Monthly Archives: March 2011

Filloas: Spanish Sweets 101

Food is a quintessential part of any celebration, and Carnival is no exception.  Filloas are typically prepared in Galicia around Carnival, although when I was in A Coruna for a fiesta this past summer, there was a vendor making these delicious crepes on a hot stone. (This was actually my first time trying filloas!)  Just in time for Mardi Gras, I’ll give you the background story on filloas and share a recipe; the custard filling is an extra treat!

Filloas seem like a fancy name for crepes, right?  Filloas are made with flour and water, no butter.  Crepes are usually made on a flat hot plate, but in Galicia you will sometimes see a certain tool, called a parrumeira, which aids in filloas making.  (If Williams Sonoma ever starts selling these, let me know, but I won’t hold my breath.)  There are some areas of Galicia that actually maintain the Celtic tradition of using an actual heated stone, rather than an iron or plate, to make filloas.  If you’re like me, and not fortunate enough to have a hot plate or parrumeira at home, a skillet and good wrist technique will work just fine.

Filloas have quite the history; evidence of this treat goes back as far as the Roman Empire.  The Romans used flour, honey, milk, spices, and eggs, which are still some of the most common ingredients used today.  As the Romans conquered most of Europe, they took their food with them.  The Romans pushed tribes, such as the Celts, into smaller and smaller territories.  Some of the Celts eventually settled in Northern Spain and Portugal and incorporated their traditions (i.e., cooking on granite).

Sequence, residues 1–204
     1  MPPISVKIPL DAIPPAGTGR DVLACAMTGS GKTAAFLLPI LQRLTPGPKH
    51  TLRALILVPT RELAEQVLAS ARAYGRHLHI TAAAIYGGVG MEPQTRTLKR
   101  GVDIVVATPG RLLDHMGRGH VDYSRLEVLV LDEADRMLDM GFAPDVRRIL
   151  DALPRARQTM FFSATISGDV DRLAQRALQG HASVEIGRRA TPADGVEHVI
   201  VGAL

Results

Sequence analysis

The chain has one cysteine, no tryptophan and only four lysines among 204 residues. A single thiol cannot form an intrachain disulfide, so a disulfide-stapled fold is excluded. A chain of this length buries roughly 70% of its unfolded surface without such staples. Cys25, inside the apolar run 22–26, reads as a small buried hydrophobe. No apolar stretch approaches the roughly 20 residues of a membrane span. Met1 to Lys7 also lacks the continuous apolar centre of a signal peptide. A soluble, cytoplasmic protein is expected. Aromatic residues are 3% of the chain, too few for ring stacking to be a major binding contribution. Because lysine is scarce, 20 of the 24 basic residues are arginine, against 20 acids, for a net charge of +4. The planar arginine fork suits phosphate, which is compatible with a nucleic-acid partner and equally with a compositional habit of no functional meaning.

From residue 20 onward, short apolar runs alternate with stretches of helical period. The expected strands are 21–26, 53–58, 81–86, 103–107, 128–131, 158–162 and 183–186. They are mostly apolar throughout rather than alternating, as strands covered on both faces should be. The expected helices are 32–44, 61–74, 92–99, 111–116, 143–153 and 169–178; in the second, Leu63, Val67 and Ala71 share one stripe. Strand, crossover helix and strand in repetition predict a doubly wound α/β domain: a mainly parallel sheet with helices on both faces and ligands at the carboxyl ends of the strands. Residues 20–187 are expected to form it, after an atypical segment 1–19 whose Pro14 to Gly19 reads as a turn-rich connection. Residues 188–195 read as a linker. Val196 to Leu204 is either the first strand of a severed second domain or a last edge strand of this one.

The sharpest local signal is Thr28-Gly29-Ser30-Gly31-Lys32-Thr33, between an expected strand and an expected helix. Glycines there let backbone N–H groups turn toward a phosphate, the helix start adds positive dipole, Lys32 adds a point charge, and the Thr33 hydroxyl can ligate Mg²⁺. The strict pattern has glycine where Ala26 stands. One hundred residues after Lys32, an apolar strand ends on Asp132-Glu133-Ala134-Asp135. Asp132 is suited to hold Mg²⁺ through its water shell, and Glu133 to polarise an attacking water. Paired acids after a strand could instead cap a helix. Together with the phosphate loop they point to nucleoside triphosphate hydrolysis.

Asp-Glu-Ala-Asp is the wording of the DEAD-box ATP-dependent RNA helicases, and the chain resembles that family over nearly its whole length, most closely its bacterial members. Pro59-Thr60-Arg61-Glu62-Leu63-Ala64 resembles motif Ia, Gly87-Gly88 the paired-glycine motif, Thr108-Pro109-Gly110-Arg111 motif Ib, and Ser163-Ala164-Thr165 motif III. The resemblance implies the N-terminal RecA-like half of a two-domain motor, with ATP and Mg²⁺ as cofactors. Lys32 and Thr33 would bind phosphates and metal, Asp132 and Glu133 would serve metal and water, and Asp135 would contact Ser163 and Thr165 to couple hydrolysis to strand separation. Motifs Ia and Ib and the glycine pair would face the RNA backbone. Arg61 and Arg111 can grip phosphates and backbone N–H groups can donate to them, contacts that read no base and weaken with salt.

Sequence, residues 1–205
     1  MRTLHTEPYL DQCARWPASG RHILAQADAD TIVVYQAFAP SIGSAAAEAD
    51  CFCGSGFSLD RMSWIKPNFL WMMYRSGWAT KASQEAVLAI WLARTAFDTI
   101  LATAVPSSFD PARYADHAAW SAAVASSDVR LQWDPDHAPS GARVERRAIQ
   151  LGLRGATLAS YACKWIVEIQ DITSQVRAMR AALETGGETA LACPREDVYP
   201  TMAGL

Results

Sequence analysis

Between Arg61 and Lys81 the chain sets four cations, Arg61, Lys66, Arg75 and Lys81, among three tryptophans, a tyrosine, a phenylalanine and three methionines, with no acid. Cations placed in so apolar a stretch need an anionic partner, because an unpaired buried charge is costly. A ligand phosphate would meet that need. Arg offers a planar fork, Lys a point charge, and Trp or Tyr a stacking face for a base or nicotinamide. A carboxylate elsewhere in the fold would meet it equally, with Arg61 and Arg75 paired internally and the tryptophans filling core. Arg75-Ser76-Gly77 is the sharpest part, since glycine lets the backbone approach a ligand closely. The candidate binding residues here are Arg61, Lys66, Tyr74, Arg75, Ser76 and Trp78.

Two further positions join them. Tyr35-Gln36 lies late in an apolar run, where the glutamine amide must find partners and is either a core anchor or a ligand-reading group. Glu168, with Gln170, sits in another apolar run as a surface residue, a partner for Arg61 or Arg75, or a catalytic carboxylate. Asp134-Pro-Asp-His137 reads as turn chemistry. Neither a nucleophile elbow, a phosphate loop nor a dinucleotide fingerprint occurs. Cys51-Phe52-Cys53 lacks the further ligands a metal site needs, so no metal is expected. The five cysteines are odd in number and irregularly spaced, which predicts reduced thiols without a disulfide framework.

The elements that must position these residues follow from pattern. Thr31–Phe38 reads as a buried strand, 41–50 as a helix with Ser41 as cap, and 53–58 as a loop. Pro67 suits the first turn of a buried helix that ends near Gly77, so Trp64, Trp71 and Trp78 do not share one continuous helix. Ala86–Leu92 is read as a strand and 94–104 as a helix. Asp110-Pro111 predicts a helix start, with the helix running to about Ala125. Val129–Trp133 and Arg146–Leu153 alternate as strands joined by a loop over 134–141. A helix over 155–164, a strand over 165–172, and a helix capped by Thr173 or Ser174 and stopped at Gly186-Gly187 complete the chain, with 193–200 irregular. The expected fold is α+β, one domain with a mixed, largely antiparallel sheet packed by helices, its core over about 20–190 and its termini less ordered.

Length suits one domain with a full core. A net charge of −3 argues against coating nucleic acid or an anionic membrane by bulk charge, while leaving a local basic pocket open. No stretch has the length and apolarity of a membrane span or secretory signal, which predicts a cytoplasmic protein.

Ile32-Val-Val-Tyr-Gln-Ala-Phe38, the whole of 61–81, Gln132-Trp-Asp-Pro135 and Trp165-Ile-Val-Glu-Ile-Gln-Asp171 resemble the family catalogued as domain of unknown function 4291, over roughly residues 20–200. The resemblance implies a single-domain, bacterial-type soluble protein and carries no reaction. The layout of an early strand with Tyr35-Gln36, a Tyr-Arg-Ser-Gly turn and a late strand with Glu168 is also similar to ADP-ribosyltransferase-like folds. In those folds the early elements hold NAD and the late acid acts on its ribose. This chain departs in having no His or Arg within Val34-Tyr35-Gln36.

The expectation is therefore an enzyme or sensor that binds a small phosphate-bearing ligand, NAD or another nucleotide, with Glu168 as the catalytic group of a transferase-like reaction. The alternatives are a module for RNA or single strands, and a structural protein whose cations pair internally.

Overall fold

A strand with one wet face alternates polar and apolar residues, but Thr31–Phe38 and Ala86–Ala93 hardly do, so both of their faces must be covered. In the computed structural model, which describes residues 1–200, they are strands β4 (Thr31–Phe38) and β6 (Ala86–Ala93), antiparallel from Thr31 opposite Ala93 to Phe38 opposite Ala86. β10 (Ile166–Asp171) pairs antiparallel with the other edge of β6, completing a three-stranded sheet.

There are many iterations of filloas recipes floating around, but to make one of my favorites, you’ll need the following:

2 eggs

250 grams flour

1/2 liter milk (I find this makes the filloas tastier than using water)

Zest of lemon

1 tbsp sugar

A pinch of salt

The worst part after “partying” is the cleaning up…

Fill the filloas with the custard and then sprinkle with cinnamon and powdered sugar.


Have you had the opportunity to be overseas for Carnival?  If so, how was your experience?  Have you tried filloas or any other traditional Carnival/Mardi Gras food?  Leave me a comment and let me know!



Torrijas: Spanish Sweets 101

Torrijas are typically consumed in Spain around Carnival and Easter.  Many Americans are more familiar with torrijas in their breakfast manifestation, also known as “French toast.”  It appears that torrijas made their first documented debut in Spain in the 1400s and the dish was touted as being suitable for women recovering from labor.  (Can’t make this up.)  In the late 1800s and early 1900s, it was very popular to serve torrijas with a glass of wine in taverns in Madrid.


There are many variants on torrijas recipes and I will share one that I have tried with you below.  (I am preemptively getting ready for Carnival, as it is arriving pretty late this year.  Oh, and I had a bit too much fun this past weekend.)

Time to eat!

If dairy isn’t your thing, don’t worry.  You can also substitute the milk with a sweet white wine (muscat usually works pretty well).

What do you think of this “hangover cure?”  Are you like me and think that torrijas and churros will help the next morning?  What miscellaneous junk food do you find yourself craving after a rough weekend?